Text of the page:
36 MP crop allows lots of room to crop. Will amplify blur if you do not control for vibration (poor technique, shutter button, mirror, wind, second cup of coffee, etc.). Use tripod, MLU and timer...problem solved (unless your subject is moving of course). Warning: once you master this camera, you will be unhappy shooting with a lesser sensor. Hard to get better than the best.

For landscapes and wildlife (yes, I said wildlife) this camera is superb. As of this writing, it has only been bested by the D810 IMHO. Unless you are shooting fast moving subjects or have poor camera technique (i.e. vibration management) there is nothing to beat it. Don't fret about moire, unless screen doors and windows are your favorite things to photograph. This camera deserves great glass. If you love photography, you deserve this great camera and lots of great glass. Pair the D800e with a Nikkor 200/2 and you will be completely spoiled....which is a good thing. Happy shooting!

Sep 28, 2014
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Dpedraza
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Registered: Jan 8, 2013
Location: United States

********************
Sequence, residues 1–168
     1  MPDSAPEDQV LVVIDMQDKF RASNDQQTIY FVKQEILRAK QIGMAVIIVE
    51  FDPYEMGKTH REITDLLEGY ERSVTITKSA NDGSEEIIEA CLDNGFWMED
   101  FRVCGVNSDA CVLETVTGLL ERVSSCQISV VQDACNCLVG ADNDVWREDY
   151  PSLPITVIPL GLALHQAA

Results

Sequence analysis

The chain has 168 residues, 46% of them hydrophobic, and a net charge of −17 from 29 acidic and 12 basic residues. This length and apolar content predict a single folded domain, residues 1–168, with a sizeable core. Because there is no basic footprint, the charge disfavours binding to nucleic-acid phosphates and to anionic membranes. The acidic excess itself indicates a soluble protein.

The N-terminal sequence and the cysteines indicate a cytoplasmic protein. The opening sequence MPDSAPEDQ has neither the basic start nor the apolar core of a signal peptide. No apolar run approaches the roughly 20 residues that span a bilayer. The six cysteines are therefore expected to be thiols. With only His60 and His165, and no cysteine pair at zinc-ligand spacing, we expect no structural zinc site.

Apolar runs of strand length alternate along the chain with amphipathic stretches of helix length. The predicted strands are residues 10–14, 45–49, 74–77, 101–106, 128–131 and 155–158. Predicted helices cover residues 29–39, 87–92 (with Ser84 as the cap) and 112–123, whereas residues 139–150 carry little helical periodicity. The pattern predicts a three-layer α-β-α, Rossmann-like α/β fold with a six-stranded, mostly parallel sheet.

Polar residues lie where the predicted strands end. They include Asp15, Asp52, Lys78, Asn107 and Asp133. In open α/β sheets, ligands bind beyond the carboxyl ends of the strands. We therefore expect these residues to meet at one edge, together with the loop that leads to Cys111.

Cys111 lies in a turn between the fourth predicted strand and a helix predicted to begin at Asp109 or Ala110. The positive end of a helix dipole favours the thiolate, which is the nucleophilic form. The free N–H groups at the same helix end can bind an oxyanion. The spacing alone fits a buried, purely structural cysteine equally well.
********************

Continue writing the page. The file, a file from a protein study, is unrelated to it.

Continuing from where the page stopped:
Posts: 789
Review Date: Sep 4, 2014 Recommend? yes | Price paid: $1,900.00 | Rating: 10 

 
Pros: IQ; DR; AF
Cons:
High ISO performance

I've had a couple D800's and I've wanted the E for the additional sharpness. I shoot mainly landscapes and architecture so the additional boost in resolution is very nice. This camera does not disappoint at low ISO the only 35mm camera that I'd say is better would be a D810 but it's significantly more expensive. I bought the 800E on a whim one day when I saw a good deal on the forums. Paired with good glass this camera is simply exceptional. I would highly recommend any of the 800 series cameras by Nikon the resolution and dynamic range these cameras have is a dream for any landscape photog

Sep 4, 2014
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Cagey75
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Registered: Feb 11, 2013
Location: Ireland
Posts: 34
Review Date: Feb 14, 2013 Recommend? yes | Price paid: Not Indicated | Rating: 10 

 
Pros: Simply oozes quality all-round
Cons: